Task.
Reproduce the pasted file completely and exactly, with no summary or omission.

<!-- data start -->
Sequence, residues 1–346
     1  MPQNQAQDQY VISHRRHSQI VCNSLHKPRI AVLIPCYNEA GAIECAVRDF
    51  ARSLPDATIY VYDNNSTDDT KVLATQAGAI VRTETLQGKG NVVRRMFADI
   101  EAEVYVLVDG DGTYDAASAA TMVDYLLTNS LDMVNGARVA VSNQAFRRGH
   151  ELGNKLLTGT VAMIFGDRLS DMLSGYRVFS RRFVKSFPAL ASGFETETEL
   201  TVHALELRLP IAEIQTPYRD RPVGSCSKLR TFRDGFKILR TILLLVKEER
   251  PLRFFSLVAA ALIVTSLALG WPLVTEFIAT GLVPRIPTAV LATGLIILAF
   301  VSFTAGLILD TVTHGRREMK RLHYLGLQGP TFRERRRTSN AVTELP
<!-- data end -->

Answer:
Sequence, residues 1–346
     1  MPQNQAQDQY VISHRRHSQI VCNSLHKPRI AVLIPCYNEA GAIECAVRDF
    51  ARSLPDATIY VYDNNSTDDT KVLATQAGAI VRTETLQGKG NVVRRMFADI
   101  EAEVYVLVDG DGTYDAASAA TMVDYLLTNS LDMVNGARVA VSNQAFRRGH
   151  ELGNKLLTGT VAMIFGDRLS DMLSGYRVFS RRFVKSFPAL ASGFETETEL
   201  TVHALELRLP IAEIQTPYRD RPVGSCSKLR TFRDGFKILR TILLLVKEER
   251  PLRFFSLVAA ALIVTSLALG WPLVTEFIAT GLVPRIPTAV LATGLIILAF
   301  VSFTAGLILD TVTHGRREMK RLHYLGLQGP TFRERRRTSN AVTELP